What I described above is a practice that was taught to all of my generation in school in the national curriculum of Pancasila (Indonesia’s Five Principles). Basically, we respect each other’s holidays, congratulate/greet each other for the holidays and take part within the boundaries of each other’s religion. However, in the early 1990s I noticed a shift when certain religious leaders proclaimed that their followers must refrain from greeting certain religious holidays because it was decided to be against their religious principles.
While this exhortation is adhered to by some followers, others keep the practice based on their own conscience and keep greeting other religion’s holidays. However, in public fora such as in social media these inter-religion greetings sometimes have to be relegated to personal communication (“japri”) for fear of negative comments from their fellow religious observers.
It is interesting to note that in my travel to remote Indonesian areas and islands people are, as a rule, not fussed about this issue – somebody’s celebration is everybody’s celebration, and any celebration is a good reason to have a party!
To be on the safe side, some people append their religious holiday greetings with “…to those who celebrate it”. While this appendage may make it politically (or religiously) correct, some people would still prefer a generic greeting to all (particularly in broadcast greetings).
What are the most common mistakes/faux-pas/slip ups made by westerners?
I haven’t seen many at all, but the best thing to keep in mind is to ask if you are uncertain, and not to go overboard in order to respect another’s custom. When I was invited to Besakih Temple I was offered to go in full Balinese attire, which I gladly accepted; however it would have been equally acceptable if I just wore smart casual western attire.
In Malaysia and Singapore, it’s customary to host (or take part in) “open house” events on religious holidays, open to anyone. Would this be considered appropriate in Indonesia?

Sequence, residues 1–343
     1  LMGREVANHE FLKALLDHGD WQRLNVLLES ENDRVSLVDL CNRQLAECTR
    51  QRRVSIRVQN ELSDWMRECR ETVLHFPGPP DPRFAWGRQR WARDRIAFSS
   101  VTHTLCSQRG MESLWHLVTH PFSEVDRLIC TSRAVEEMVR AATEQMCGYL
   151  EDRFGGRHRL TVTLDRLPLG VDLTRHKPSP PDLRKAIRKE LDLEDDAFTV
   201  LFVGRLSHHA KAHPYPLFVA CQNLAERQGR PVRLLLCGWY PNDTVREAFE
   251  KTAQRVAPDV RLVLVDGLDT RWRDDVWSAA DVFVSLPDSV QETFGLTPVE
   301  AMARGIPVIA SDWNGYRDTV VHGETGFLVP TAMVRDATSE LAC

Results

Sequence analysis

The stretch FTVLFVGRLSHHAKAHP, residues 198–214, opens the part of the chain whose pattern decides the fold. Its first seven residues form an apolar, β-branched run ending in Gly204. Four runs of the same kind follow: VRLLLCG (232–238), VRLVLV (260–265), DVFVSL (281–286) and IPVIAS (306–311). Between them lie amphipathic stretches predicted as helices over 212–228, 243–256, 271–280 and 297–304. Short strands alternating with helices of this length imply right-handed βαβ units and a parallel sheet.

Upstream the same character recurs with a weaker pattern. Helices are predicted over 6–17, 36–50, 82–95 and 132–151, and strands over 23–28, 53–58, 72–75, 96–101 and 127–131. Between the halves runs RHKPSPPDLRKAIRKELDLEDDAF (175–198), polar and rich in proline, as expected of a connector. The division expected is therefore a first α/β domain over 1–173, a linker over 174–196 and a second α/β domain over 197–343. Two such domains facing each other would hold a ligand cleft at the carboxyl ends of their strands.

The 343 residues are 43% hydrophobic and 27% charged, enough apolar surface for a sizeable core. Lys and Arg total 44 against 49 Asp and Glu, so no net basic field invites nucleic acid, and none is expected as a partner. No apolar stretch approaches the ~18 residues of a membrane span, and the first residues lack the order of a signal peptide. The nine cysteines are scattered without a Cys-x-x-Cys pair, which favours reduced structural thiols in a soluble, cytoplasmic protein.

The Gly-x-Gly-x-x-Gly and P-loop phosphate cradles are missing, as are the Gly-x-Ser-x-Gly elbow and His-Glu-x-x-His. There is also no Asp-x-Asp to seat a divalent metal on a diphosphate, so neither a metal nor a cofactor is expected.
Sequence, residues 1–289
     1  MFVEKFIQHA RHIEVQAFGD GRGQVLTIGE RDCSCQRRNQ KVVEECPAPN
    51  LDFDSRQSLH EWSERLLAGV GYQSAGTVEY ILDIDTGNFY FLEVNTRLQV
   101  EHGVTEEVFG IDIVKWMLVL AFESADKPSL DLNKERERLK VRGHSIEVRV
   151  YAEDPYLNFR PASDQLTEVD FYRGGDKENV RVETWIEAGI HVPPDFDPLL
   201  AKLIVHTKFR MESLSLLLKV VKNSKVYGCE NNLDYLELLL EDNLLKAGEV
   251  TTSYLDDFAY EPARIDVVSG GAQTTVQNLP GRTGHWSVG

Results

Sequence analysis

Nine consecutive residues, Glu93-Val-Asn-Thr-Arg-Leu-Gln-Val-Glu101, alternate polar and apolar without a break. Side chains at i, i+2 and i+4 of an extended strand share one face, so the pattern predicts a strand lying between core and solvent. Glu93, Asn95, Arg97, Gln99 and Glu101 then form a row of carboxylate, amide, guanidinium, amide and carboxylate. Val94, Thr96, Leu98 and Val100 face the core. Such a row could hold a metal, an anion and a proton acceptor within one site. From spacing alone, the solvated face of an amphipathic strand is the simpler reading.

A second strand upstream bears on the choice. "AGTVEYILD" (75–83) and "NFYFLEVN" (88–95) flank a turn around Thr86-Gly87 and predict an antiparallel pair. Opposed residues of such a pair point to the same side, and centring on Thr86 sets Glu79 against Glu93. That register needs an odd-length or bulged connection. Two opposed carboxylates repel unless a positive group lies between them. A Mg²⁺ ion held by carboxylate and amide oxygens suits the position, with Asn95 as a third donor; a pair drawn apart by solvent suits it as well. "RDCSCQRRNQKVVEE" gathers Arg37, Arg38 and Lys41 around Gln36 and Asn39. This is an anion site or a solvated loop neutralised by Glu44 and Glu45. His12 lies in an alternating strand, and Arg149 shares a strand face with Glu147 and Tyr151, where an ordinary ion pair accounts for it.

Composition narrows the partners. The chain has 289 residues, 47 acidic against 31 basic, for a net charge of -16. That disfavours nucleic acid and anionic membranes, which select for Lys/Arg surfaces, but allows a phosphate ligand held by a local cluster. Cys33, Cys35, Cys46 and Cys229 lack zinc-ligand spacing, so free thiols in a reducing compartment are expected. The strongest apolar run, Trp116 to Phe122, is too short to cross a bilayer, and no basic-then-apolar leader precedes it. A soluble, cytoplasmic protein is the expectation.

It is certainly appropriate to attend when you are invited. Feel free to ask your host (or Indonesian friends) what people are expected to bring – and what not to bring (e.g. a bottle of wine should never be given to a Muslim family).
Generally speaking you are not expected to host an open house, unless your office or your predecessor (if you hold an esteemed position) has/had that tradition.
What do you think are the most important things for foreigners to understand about the way religious holidays are observed in Indonesia?
Indonesia is a very complex nation, and there are often different levels of observance and different interpretations of the same religion. This is the case with any religion. If you ask someone, their answer depends largely on their own interpretation, and there is always a chance that you will meet somebody of the same religion who may disagree. The good thing about being a foreigner is that Indonesians are extremely tolerant to slip-ups and they know you mean no harm. So just keep asking questions to locals and soon you will figure out the richness of religious practices in Indonesia.
What can we do to better avoid cross-cultural misunderstandings between Australians and Indonesians?
Cross-cultural discussions are a must. Groups like AIYA should regularly discuss cross-cultural issues like this greeting matter and many more. If I am not a Muslim, should I respond to the greeting “Assalamualaikum”? What should I do if offered a delicacy that was meant to show utmost respect but I do not normally eat it? When is it okay to wear open-toe shoes or sandals? When is it appropriate to ask about somebody’s personal life (marital status, spouse, children, religion)? Also bear in mind that different areas in Indonesia might have different customs and expectations.
For those who plan on going to Indonesia for a longer period, particularly with immersion in the broader community (e.g. as community development volunteers), a short course or even a day with somebody with good knowledge of the area is preferable. However, Indonesians are very tolerant and friendly toward visitors (both from overseas and other parts of Indonesia) so you really have nothing to fear! Most slip-ups are easily forgiven with a big smile and a sheepish “I’m sorry”.